FAQ: HIPAA Privacy and Security Regulations


U-M and the University of Michigan Health System (UMHS) are committed to protecting “protected health information” in accordance with all applicable state and federal laws.

Q: Are there laws or U-M or UMHS policies regarding the handling of protected health information?

A: Yes. The Health Insurance Portability and Accountability Act of 1996 (HIPAA) establishes rules and regulations regarding access and disclosure to protected health information. Under HIPAA, protected health information, or PHI, is individually identifiable health information. Michigan law also protects patients’ PHI and includes heightened protections for the disclosure of mental health and substance abuse records. Another federal law commonly known as “Part 2” protects substance abuse records in some instances (depending on where and from whom services are delivered).

UMHS and the U-M Benefits Office both issue Notices of Privacy Practices1 that outline how each entity uses and discloses PHI. Both entities have policies that address the use and disclosure of PHI. For more information and a link to policies, visit Protecting Your Privacy (HIPAA) and Protecting Health Information – HIPAA.

Q: What is Protected Health Information (PHI)?

A: According to HIPAA’s Privacy Rule, PHI includes individually identifiable health information that relates to:

  • an individual’s past, present or future physical or mental health or condition;
  • the provision of health care to an individual; or
  • the past, present or future payment for the provision of health care to an individual.
Q: What rights do patients have as it relates to their PHI?

A: HIPAA provides the following patient rights:

  • The right to review a copy of the patient’s own health records.
  • The right to seek and view an amendment to the patient’s own health records.
  • The right to receive a notice that explains how UMHS or U-M may use or share PHI.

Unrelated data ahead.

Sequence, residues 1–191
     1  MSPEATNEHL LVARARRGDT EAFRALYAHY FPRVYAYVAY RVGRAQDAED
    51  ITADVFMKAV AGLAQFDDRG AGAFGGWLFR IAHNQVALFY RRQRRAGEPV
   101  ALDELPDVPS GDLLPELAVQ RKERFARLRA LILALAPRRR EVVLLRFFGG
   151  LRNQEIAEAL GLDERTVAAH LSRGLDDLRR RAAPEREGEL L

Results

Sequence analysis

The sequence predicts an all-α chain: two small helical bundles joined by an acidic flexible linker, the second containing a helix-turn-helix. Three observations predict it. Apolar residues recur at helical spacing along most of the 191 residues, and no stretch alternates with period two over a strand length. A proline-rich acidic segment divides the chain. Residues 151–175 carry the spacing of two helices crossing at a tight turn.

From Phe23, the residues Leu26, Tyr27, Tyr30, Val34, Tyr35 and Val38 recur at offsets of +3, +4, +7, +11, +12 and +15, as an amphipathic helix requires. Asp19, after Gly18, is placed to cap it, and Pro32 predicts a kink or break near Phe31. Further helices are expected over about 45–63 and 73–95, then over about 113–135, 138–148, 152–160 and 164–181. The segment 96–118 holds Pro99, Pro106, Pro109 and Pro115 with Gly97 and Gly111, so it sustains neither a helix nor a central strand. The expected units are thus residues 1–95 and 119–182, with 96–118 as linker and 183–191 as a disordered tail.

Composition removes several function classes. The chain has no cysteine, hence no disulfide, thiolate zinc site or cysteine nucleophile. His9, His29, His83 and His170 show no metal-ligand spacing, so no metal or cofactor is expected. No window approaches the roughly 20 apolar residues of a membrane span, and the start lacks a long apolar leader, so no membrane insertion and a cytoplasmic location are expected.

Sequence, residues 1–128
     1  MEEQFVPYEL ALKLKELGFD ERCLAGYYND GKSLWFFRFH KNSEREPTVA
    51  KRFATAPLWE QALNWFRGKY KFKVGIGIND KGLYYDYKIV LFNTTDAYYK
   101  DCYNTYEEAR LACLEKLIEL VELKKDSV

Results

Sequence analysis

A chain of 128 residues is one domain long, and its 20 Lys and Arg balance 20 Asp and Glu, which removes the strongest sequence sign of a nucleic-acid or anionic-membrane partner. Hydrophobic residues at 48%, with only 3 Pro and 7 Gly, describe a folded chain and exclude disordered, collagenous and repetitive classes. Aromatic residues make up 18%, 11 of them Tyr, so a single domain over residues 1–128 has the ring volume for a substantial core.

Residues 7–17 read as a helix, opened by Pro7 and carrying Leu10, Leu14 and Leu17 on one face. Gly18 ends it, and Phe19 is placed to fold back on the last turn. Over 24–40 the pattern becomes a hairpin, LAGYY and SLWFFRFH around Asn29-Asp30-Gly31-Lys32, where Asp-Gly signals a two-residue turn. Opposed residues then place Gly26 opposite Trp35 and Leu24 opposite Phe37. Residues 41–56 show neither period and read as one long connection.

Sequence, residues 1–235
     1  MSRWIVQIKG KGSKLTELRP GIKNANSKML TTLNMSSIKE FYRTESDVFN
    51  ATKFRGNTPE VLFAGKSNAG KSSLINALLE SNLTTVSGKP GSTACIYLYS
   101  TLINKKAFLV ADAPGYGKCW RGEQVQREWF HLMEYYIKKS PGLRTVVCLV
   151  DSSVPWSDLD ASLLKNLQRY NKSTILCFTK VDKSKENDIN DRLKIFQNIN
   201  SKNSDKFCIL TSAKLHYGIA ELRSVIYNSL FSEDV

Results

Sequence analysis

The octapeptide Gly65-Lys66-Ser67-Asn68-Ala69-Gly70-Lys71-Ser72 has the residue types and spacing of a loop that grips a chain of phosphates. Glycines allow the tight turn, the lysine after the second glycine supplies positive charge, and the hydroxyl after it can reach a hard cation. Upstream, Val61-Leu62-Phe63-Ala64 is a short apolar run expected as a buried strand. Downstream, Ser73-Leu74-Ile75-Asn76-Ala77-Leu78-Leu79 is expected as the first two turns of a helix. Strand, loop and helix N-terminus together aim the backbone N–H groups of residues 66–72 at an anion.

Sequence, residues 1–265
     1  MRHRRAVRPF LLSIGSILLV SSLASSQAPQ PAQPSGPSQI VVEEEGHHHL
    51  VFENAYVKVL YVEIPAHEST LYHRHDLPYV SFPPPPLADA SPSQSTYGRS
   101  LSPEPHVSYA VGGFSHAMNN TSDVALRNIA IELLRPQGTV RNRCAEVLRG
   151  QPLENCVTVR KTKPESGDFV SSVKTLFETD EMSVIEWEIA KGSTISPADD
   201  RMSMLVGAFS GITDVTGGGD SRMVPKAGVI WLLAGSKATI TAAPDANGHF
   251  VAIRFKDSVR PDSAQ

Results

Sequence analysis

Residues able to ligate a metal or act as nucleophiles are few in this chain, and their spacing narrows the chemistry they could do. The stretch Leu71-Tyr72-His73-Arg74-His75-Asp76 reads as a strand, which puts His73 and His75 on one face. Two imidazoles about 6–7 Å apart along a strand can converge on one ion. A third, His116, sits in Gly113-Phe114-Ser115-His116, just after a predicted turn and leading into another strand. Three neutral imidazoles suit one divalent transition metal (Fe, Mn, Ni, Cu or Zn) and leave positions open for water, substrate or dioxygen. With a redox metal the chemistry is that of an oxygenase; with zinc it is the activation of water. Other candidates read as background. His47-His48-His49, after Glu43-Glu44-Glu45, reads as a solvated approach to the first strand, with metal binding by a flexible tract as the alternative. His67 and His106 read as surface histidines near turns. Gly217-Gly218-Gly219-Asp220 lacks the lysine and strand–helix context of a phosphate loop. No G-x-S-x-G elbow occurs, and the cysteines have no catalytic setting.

• For certain purposes, such as marketing, the right to provide permission before the patient’s PHI may be used or shared.
  • For some disclosures, the right to receive a report on when and why one’s own PHI was shared.
  • In the event the patient’s rights are being denied, or UMHS or U-M is alleged not to be taking proper steps to adequately protect the patient’s PHI, the right to:
    • file a complaint with the patient’s provider or health insurer; or
    • file a complaint with the Office for Civil Rights.
Q: What happens if PHI is disclosed or accessed in an inappropriate manner?

A: Under HIPAA regulations, if PHI is disclosed or accessed in an inappropriate manner, typically an investigation will take place to determine if a breach has occurred. A breach will result in notification to the affected individual(s).

The UMHS Compliance Office is responsible for receiving complaints alleging violation(s) of HIPAA’s Privacy and Security Rules, and for investigating and resolving these allegations. (See UMHS Policy 01-04-317, “Breach of Unsecured Protected Health Information,” and UMHS Policy, 01-04-385, “Receiving and Resolving Privacy Complaints.”)

The UMHS Compliance Office works closely with the Office of the Vice President and General Clounsel in determining if a breach has occurred.

Q: What resources are available to learn more about patient privacy matters?

A: The following resources are available to assist with general privacy inquiries: The Office for Civil Rights (OCR).

OCR is the federal agency that oversees and enforces HIPAA’s Privacy and Security Rules.

The UMHS Compliance Office.

U-M, including UMHS, takes the privacy of its patients seriously. Please contact the Compliance Office at (734) 615-4400 or the Office of the Vice President and General Counsel at (734) 764-2178 if we can provide additional information.

1 Notice of Privacy Practices. See http://www.uofmhealth.org/protecting-your-privacy-hipaa; http://benefits.umich.edu/forms/hipaa_notice.pdf